At a talk hosted by the Berkman Center for Internet & Society on June 23, Mitali Thakor, a PhD student in MIT’s HASTS program and a Berkman affiliate, discussed her findings on techniques and strategies for preventing and prosecuting child exploitation and human trafficking, and how new digital approaches to addressing these issues affect young people online.
Thakor opened her talk with an example of the kind of policing she studies: An NGO based in the Netherlands designed an avatar, named Sweetie, that looked like a 10-year-old girl from the Philippines. Posing as the young girl in chat rooms, the group used the avatar as a tool to get email and IP addresses of sexual predators. After the group handed this identifying information over to Interpol, the International Criminal Police Organization, predators from around the world were brought to justice and police in the Philippines cracked down on child exploitation within the country.
On the surface, said Thakor, this seems like a good thing. But, she said, the purpose of her research is to show that it’s not that simple.
“It’s really hard to be in the position where I’m critiquing the people trying to do good activist work but I think that’s really necessary,” she said in an interview after the discussion. “There was so much lost in how people understood the issue, and that’s where I really started getting concerned.”
According to Thakor, the current system—centered on law enforcement and made up of NGOs, large corporations such as Microsoft, and the U.N.—reinforces larger societal problems that together contribute to human trafficking.
“It’s not about the individual person who is engaging in risky behavior. It’s about a larger culture,” she said.
According to Thakor, trafficking and exploitation are a result of misguided immigration policies and labor laws which contribute to massive structural poverty and inequality.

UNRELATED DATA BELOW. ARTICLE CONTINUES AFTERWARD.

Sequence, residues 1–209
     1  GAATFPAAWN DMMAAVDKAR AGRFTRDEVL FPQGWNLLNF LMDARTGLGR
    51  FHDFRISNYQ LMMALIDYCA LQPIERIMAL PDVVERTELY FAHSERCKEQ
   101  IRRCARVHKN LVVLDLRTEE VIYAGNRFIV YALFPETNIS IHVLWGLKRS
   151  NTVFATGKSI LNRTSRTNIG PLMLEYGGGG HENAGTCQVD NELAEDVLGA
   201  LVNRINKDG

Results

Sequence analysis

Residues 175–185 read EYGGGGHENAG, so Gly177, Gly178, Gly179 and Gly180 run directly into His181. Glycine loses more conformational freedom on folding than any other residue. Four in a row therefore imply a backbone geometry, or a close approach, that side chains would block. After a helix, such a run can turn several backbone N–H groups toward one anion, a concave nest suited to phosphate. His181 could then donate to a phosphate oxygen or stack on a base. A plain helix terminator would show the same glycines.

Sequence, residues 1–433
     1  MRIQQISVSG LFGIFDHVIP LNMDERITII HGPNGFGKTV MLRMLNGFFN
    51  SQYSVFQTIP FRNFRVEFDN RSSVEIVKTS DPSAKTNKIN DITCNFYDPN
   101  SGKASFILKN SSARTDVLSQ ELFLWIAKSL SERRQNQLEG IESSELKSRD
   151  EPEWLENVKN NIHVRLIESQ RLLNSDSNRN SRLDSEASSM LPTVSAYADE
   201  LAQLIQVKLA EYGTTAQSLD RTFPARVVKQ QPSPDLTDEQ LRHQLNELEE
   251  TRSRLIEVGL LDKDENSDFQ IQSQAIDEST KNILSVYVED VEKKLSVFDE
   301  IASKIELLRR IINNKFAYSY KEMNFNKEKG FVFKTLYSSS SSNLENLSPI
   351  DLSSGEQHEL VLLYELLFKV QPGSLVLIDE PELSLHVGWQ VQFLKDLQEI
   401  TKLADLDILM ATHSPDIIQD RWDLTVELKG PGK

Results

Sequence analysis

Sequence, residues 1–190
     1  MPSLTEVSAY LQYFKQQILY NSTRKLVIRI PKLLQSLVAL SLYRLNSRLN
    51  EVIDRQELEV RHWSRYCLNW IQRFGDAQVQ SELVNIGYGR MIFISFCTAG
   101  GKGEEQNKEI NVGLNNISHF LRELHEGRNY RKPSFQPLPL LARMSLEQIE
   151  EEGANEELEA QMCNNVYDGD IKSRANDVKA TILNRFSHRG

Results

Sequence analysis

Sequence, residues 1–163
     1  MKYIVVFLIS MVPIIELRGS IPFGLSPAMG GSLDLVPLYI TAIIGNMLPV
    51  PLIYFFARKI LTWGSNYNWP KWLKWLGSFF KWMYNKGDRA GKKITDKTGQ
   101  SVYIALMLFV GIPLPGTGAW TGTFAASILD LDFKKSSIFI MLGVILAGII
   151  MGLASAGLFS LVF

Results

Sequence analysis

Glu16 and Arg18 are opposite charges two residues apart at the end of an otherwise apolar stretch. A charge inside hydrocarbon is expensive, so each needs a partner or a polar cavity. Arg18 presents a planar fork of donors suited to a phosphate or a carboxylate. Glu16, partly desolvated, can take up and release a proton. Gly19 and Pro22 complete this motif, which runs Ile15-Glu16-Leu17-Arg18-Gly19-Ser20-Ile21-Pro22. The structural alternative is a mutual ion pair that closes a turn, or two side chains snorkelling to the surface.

In her dissertation, Thakor hopes to present a critical perspective on the current system for dealing with human trafficking by using a feminist lens and focusing on the rights of young people online. Her research will also examine the technology that goes into projects to catch predators and missing children.
“Can we look at people in positions of power [and] understand what motivates them to do certain things?” Thakor said. “That’s a very feminist project, to think about projects of race, gender, privilege in the way that technologies are designed. Technology is not neutral. It never is. And so software is never neutral.”
Her research combines ideas on immigration, sex work, technology and the digital space occupied by young people. She’s not only interested in the process of catching sexual predators and finding lost children, but in analyzing how adult decision-makers talk about young people when they’re policing these spaces.
“I think we’re going towards a model where there’s a lot of technophobia and techno panics around young people’s use of the Internet,” she said, using as an example the Malaysian government’s extreme censorship of anything it considers morally reprehensible.
Because her research is focused on how we talk about children and their digital lives, Thakor said she’s forced to consider other issues related to the technology, such as the potential for exploitation and even surveillance. When companies are developing facial recognition tools that can recognize a young nude body on Facebook, where else will they use that software? What assumptions are they making about the young skin they’re trying to identify? And with the Internet becoming an ever-more undeniable part of young people’s lives, how are these developers talking about the children they are trying to protect? Within the use of technology there are underlying questions of surveillance, marginalization and universal rights.
“There’s a lot of work that needs to be done on re-conceptualizing children, childhood and young people in digital spaces in terms of healthy sexuality and a harm reduction model,” she said. “A lot of the policies today are still based on much older ideas of sex education and access to information and how we think of young people. If you have a fear-based model of sexuality and sex education, then that’s just going to get replicated with Internet policy.”
From Radio Berkman: How to Stop Traffic
Mitali Thakor interviewed by Radio Berkman producer Elizabeth Gillis.